Thanks to Pete Simonson for the suggestion of remembering our radio friends who have passed on.  
We'll include our own articles as well as obituaries. 


Tampa Bay Times
July 26, 1997 
Lyle Van Valkenburgh 1904-1997
Lyle Van (Valkenburgh), a pioneer of broad cast journalism, whose career spanned five decades, died last Tuesday of natural causes at his home in Clearwater Beach, Fla. Mr. Van was 92 years old. His "News on the Human Side" and signature radio sign-off, "Good night little Redheads" became a New York institution In the 1950s and '60s. Mr. Van was born, Lyle Van Valkenburgh on September 10, 1904 in Troy, New York. At age 19 he became the country's youngest U.S. Marshall, in Key West, Florida. He broke into Radio with WGST, Atlanta, and during the depression years won an announcer's job with NBC. Mr. Van was instrumental in NBC's coverage of World War Two, served as announcer for the legendary commentator, H. V. Kaltenborn and later anchored the "Pure Oil News" for NBC.  Mr. Van joined WOR and the Mutual Broadcasting System in the early 1950's, anchoring local and national newscasts and became one of the most popular radio voices In New York City until his retirement in 1978. Mr. Van is survived by his wife, Lyvonne, and three little redheads, Lyla Yaston, an Anthropologist at the State University of New York, Denny Van Valkenburgh, National Sales Director at WRDW, Augusta, and WVLT, Knoxville, and Dirk Van Valkenburgh, a news correspondent and talk show host at NBC Radio. Memorial Service: 1 1 a.m., today, at Skycrest United Methodist Church, 2045 Drew St., Clearwater. MOSS-FEASTER FUNERAL HOMES & CREMATION SERVICES Serenity Gardens Chapel446-2375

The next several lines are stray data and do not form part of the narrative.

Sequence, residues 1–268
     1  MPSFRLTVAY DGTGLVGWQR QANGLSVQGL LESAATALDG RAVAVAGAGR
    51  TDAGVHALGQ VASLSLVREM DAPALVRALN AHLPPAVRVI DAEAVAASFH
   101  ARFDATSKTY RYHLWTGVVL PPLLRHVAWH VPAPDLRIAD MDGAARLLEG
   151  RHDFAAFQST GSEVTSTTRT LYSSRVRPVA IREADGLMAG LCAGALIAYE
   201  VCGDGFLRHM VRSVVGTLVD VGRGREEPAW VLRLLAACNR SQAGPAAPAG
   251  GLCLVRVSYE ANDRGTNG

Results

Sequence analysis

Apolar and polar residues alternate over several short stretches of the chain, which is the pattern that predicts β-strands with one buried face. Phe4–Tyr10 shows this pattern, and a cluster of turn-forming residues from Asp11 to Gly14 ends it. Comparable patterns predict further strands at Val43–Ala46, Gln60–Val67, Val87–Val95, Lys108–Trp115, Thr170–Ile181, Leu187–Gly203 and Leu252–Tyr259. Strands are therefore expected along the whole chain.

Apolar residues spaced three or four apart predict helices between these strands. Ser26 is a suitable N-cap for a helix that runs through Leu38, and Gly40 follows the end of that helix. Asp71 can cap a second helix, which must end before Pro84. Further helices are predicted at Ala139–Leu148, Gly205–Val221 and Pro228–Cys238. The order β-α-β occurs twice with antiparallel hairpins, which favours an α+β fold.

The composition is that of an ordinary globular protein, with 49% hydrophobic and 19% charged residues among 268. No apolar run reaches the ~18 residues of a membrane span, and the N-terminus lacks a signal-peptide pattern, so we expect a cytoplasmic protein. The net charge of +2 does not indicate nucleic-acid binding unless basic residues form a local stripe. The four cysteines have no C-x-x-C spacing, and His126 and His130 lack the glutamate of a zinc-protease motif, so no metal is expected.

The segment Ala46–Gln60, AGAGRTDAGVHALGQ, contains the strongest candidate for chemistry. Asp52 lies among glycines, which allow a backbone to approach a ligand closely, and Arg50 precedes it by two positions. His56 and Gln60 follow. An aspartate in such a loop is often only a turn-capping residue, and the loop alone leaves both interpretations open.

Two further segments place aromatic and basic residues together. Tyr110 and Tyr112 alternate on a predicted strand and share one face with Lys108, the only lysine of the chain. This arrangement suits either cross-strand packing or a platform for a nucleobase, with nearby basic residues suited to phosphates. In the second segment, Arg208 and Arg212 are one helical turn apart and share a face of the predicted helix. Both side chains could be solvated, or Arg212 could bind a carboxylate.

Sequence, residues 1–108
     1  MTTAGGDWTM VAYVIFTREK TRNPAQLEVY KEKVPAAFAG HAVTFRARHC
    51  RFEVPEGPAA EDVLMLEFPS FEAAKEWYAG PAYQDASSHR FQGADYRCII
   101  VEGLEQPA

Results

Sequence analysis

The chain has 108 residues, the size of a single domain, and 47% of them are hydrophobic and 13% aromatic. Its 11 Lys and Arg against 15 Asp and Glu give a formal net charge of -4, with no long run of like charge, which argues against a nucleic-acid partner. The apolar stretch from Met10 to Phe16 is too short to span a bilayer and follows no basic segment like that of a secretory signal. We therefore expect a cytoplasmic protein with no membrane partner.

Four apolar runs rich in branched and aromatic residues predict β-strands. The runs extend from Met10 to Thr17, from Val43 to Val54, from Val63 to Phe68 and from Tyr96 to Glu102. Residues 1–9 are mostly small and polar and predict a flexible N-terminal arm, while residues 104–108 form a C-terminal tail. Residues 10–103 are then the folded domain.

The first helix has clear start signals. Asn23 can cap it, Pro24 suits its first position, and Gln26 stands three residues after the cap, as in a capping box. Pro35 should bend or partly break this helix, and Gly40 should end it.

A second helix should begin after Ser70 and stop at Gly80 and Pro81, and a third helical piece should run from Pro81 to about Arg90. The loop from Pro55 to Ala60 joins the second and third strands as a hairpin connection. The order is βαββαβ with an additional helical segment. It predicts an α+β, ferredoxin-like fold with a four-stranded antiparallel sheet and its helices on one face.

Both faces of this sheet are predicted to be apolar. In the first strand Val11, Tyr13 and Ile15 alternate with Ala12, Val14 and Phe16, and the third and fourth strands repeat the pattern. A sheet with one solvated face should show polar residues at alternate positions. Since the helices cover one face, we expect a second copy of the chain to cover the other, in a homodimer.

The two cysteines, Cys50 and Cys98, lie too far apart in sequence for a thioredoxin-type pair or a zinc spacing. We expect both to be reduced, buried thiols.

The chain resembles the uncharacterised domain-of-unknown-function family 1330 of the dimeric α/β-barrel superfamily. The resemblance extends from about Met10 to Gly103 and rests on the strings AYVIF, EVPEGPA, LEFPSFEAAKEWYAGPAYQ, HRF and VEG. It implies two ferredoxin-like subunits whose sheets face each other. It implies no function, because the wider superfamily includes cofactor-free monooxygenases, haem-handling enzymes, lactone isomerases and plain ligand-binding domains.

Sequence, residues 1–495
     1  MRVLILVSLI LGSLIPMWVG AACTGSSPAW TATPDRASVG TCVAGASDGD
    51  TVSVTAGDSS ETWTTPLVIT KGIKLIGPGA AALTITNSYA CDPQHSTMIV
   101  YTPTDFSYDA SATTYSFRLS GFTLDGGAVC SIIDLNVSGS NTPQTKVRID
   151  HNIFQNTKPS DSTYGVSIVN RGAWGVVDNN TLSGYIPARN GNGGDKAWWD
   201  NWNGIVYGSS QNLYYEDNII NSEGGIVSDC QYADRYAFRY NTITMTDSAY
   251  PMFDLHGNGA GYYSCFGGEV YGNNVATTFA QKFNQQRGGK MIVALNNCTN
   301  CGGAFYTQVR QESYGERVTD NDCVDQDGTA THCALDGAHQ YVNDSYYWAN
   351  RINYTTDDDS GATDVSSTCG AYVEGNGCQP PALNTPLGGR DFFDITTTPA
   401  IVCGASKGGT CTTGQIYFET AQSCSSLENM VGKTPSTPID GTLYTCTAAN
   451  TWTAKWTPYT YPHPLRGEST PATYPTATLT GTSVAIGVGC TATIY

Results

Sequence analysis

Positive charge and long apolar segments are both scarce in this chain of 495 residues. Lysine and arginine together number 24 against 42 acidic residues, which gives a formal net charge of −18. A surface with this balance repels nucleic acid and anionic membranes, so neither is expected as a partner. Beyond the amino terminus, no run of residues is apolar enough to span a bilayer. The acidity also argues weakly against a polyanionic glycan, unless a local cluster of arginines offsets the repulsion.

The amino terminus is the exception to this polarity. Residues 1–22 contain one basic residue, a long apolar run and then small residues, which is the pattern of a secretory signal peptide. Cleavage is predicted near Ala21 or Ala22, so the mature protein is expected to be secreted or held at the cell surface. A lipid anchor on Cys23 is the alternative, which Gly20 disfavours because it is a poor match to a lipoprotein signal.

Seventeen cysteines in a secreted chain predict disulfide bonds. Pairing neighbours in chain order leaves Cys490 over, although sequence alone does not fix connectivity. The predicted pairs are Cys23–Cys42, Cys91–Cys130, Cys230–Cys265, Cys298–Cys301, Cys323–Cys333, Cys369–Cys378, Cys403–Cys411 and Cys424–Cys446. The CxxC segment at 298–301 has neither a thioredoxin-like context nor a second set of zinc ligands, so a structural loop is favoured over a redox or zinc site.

WDLF-AM 1490 DeLand,  Fla.,  250 w full-time on 1490 kc,  went on the air September 10, 1948 with celebratory ceremonies featuring Sen. Claude Pepper (D-Fla.) as principal speaker.  The station is solely owned by Lyle Van Valkenburgh. He sold the station to Stetson University in Deland in 1950.

Frank Vaught
Photo courtesy of Dave Edwards
Published in the Orlando Sentinel on December 4, 2011